Election Day

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A recently released opinion from the Nebraska Attorney General Doug Peterson places Nebraska in prime position to improve how most of its largest counties handle election duties.

Peterson wrote that the appointment of election commissioners was “constitutionally suspect.” Lincoln Sen. Matt Hansen – who asked for the review – stated his intent to introduce a bill in January, when the Nebraska Legislature reconvenes, requiring all counties to elect these positions.

Come 2020, Nebraska must seize this opportunity.

Fully implementing this needed reform – one to further distance Nebraska’s elections from its political parties – may be a difficult climb before next November's vote. But it’s a mountain worth scaling.

In most Nebraska counties, this isn’t a problem. Elected officials, typically county clerks, handle election-related duties. However, seven counties – all among Nebraska’s 12 largest – have election commissioners appointed by either the governor (Lancaster, Douglas, Sarpy) or county boards (Buffalo, Cass, Hall, Platte.)

Because these offices are elected on a partisan basis, unelected appointees can potentially inject politics in a place where it least belongs – the management of elections.

If these posts are elected, voters in these seven counties will have direct say over the officials running their elections. That certainly would represent an improvement, but let us suggest yet another fix: Elect these commissioners on a nonpartisan basis, just like Nebraska does with state senators.

Why does this matter? With the power election commissioners wield over how and where Nebraskans can vote, the position is one of great responsibility. But, if that authority is abused for political gain, it could artificially influence the results of a vote.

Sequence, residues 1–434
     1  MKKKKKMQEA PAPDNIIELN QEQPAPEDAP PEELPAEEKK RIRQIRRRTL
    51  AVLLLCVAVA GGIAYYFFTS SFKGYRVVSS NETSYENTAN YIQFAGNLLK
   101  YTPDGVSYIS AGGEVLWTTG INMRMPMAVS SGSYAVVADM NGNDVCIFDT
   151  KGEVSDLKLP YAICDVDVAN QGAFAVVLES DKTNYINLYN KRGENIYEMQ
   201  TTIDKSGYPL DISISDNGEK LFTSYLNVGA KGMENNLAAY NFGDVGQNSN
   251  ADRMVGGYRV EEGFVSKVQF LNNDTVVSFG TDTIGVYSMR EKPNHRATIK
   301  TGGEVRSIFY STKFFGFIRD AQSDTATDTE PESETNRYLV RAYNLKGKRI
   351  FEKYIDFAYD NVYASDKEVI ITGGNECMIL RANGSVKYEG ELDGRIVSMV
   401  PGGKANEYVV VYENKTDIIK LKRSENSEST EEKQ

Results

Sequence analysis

That mere possibility should irk Nebraskans of all political stripes.

Take the situation in the Omaha area during the 2012 primary election. Douglas County’s then-election commissioner, appointed by a Republican governor, took heat for nearly halving the number of polling places – from 352 to 186 – before later restoring 28 precincts.

Those actions drew ire because the majority of those closed or moved were primarily located in diverse neighborhoods, traditional Democratic strongholds. Throughout the process, the election commissioner defended his decision as being driven by voter turnout, not partisan chicanery.

The mere hint of impropriety cannot be allowed to taint the sanctity of Nebraska’s elections. Some parts of the political process are best to keep out of political parties’ hands. For that reason, Hansen’s idea aligns with our persistent advocacy for redistricting reform.

Given the impact election commissioners have on voting in this state, all counties should elect the officials responsible for these vital duties – and do so without party affiliation in the picture.

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